Categorized | National News

Fields: Cabbage Beach Land Is Private Property

Atlantis Senior Vice President Ed Fields yesterday in a press release sought to dismiss any notion that he is not sympathetic towards the Cabbage Beach Vendors involved in the ongoing land access dispute, for their business; while asserting that the land in question is actually private property.

 

The release said Mr. Fields should be the one individual who can relate to such vendors after having worked closely with merchants for 16 years.

 

Earlier this week, Mr. Fields after a long moment of silence, spoke to the issue on local radio talk show on STAR 106.5.

 

“I have not commented on this subject because I feel that when it comes to discussing these things, sometimes you kind of have to wait for the waves to recede,” he said.

 

“I thought I’d stay away and listen to the speculation, the misinformation, see where people are coming from and go from there.”

“There has to be some clarity presented because there’s a conflation of issues. Emotions are taking over.  We need to look at where the injustice lies. An act that you see or feel is one way, may not be that way. We need to take away the emotionalism of the foreigner versus the Bahamian.  We need to focus on the fact that this a property issue,” he added.

According to Mr. Fields, nearly a century ago, two families owned the land in question (Cabbage Beach), and then ownership was eventually transferred to Atlantis, and subsequently, to Access Industries.

Based on this premise, Mr. Fields maintained that the land is private property.

“I’ve had very close interaction with these people for years, I know what they’re feeling and can imagine what they’re feeling. But there’s a confluence of emotion, politics and the law. There’s no confiscation here. It’s an issue of property rights, not birth right.”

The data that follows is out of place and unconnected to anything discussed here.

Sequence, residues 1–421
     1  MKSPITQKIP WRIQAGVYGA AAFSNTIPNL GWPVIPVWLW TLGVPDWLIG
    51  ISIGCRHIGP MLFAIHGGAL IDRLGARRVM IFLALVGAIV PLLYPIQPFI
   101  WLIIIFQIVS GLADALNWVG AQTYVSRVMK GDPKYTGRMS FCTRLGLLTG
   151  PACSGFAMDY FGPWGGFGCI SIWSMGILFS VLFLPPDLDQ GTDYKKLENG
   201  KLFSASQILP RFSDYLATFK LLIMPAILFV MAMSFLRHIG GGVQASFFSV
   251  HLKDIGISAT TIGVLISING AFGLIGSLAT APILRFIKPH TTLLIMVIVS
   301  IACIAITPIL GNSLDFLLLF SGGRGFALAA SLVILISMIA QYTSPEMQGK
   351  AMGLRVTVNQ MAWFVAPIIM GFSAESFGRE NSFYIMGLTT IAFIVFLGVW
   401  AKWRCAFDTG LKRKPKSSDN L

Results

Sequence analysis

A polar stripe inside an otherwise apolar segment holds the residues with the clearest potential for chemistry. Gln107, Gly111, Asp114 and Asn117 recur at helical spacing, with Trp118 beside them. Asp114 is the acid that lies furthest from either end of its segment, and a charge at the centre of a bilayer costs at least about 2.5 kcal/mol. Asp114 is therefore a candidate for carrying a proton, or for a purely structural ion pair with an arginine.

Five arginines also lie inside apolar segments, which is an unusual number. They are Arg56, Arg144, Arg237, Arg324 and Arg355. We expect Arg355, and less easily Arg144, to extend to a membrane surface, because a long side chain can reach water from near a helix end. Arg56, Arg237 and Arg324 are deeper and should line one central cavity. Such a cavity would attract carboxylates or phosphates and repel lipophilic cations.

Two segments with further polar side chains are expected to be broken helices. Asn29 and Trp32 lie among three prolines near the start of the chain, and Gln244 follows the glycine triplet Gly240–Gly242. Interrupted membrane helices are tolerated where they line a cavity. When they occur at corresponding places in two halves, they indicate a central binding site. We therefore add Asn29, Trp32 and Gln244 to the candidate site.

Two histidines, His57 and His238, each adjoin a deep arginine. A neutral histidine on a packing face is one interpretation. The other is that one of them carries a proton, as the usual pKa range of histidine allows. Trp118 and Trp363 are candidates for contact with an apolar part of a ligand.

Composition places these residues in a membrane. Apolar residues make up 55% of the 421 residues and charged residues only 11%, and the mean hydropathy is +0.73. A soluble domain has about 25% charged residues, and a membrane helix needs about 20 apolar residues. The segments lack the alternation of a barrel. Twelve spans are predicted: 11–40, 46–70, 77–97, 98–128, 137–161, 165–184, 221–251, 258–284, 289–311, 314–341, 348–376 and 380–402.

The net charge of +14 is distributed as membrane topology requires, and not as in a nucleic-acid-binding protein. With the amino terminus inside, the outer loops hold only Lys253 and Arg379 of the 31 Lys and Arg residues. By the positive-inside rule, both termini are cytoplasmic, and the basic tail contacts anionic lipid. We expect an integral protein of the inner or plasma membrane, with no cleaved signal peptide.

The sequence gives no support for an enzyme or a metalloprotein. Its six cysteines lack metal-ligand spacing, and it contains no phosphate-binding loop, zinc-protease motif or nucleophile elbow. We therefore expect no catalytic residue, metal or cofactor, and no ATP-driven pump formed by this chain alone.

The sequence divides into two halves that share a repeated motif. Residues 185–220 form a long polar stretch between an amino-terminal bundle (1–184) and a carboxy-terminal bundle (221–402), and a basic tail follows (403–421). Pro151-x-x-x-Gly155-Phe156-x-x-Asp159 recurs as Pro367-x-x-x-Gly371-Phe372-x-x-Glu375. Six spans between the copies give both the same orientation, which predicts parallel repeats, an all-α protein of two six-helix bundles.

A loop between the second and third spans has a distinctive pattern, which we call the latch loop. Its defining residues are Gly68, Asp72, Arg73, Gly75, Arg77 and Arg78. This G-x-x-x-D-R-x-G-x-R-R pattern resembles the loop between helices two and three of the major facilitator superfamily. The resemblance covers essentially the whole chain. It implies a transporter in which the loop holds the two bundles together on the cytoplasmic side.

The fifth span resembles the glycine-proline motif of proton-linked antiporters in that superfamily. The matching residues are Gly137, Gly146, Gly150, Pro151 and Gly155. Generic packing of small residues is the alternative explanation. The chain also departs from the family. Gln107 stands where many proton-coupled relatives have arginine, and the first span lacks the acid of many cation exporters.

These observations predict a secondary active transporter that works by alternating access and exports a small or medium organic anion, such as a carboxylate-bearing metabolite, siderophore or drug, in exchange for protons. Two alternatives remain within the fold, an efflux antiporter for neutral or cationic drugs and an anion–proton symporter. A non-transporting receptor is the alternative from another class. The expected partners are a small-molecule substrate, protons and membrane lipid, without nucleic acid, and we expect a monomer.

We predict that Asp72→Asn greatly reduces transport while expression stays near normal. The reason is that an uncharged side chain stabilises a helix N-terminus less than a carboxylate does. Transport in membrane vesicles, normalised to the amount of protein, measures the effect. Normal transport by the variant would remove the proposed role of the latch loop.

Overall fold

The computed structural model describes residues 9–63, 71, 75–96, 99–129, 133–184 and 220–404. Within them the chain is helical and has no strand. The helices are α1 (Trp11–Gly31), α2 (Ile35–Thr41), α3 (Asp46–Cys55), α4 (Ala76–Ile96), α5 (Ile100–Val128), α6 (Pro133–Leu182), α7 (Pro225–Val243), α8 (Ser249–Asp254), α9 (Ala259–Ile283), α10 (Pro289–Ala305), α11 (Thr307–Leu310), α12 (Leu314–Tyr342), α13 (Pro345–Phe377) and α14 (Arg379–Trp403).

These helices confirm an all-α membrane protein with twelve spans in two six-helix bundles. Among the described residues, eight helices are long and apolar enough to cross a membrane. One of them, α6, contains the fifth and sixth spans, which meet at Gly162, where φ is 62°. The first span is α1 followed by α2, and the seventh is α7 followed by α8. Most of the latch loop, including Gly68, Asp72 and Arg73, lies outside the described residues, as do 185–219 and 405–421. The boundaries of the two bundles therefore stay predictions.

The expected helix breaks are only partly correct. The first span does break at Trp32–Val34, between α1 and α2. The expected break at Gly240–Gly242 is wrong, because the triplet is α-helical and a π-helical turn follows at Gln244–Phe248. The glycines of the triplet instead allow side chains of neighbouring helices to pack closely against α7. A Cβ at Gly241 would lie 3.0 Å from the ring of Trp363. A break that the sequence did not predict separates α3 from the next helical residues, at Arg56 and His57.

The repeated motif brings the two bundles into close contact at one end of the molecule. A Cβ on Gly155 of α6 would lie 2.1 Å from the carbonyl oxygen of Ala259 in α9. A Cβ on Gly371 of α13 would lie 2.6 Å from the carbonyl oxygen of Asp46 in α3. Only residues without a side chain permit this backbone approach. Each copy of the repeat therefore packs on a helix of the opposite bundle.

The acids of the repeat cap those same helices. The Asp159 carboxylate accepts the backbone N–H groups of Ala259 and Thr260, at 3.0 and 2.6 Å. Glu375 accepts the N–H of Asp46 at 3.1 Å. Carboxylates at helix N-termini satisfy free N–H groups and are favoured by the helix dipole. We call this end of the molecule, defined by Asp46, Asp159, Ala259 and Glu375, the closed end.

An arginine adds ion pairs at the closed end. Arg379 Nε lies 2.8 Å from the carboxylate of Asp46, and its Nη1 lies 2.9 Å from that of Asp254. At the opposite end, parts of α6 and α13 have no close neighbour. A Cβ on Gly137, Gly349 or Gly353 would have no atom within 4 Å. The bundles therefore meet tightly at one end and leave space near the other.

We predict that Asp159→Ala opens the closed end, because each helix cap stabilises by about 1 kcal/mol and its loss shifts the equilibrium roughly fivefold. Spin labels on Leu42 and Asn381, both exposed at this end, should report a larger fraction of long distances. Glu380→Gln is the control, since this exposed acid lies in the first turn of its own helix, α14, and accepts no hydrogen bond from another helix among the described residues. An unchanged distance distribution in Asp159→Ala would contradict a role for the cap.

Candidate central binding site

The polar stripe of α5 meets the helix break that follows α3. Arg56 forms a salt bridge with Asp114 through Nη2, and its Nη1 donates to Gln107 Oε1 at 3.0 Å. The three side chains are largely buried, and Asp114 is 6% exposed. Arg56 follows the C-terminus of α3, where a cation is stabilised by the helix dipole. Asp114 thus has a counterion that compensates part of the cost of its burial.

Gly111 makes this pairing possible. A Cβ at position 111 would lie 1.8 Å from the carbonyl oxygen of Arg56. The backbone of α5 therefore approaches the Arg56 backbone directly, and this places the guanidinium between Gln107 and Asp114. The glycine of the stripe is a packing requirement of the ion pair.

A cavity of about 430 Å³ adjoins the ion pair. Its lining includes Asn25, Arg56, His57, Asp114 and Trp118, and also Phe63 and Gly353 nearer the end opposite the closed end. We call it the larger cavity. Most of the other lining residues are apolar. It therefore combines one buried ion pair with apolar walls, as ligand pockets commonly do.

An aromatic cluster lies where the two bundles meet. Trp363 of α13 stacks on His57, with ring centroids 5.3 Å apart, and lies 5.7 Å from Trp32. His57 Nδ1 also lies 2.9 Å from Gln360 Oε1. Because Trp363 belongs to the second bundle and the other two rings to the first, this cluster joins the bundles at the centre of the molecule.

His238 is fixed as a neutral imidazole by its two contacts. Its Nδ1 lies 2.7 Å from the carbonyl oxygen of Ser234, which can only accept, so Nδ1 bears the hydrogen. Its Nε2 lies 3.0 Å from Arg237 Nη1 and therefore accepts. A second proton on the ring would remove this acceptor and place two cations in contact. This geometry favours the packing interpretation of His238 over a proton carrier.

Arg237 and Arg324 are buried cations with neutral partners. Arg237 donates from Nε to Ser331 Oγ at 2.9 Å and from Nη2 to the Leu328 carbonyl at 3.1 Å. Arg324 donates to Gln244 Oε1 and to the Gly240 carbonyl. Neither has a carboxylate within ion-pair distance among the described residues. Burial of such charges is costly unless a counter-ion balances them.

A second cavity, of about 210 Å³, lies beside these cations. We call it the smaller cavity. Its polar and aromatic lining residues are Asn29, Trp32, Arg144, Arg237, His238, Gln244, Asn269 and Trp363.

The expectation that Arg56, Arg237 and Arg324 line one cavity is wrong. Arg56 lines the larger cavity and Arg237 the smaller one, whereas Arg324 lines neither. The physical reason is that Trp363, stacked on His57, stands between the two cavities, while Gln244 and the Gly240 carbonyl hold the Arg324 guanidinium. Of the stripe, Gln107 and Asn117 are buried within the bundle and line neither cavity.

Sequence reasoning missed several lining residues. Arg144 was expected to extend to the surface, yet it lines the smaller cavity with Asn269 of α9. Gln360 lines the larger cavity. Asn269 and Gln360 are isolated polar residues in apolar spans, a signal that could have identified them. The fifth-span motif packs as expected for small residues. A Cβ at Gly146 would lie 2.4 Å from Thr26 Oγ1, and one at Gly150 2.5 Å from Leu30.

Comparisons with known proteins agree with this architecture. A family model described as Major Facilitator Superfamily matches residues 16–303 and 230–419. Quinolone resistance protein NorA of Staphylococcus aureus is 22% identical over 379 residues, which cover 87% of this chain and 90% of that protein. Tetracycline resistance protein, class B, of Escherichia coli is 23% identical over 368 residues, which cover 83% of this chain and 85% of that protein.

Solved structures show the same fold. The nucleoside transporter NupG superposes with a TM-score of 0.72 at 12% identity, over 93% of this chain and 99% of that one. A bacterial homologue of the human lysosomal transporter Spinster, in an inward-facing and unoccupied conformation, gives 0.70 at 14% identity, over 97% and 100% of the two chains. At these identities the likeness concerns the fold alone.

Further, he said in 2003, he (Mr. Fields) discovered that an unauthorised government agency approved and granted licenses for individuals to sell wares on the beach; and since the land was not being occupied otherwise, an accommodation was enforced with an agreement allowing sales to take place with an outlined code of conduct.

Mr. Fields added that businesses was pursued after all parties involved agreed to the terms, and signed the contracts.

“However, nine years later, in 2012, a skirmish arose among the vendors and it was discovered that the number of licenses granted had doubled, now allowing 40 or so vendors access to the beach instead of the original 20,” he said.

The release further stated that Fields and his Atlantis colleagues decided they would oblige the vendors under the condition that they, too, sign the agreement acknowledging the land as private property and agreeing to the terms which state that if, at any time, the vendors are in breach of the contract, or if the property owner decides to use the land for private purposes, licenses would be revoked in a minimum of 30 days’ notice.

However, Mr. Fields said there the access point will be located at the end of Garden View Drive on Paradise Island, but only for recreational use.

He added that it is solely up the government’s responsibility to find an alternative business sight for the vendors.

“I am going to say it very clearly and I beg to be contradicted. It’s the responsibility of the agency which unilaterally offered the licenses to find a solution to the problem.”

Back in February dozens of irate vendors of the Cabbage Beach Business Owners Association (CBBOA) protested at the Sir Sidney Poitier Bridge on Monday after being denied access to their place of business.

 

 

 

 

 

 

 

 

 

 

 

 

Written by Jones Bahamas

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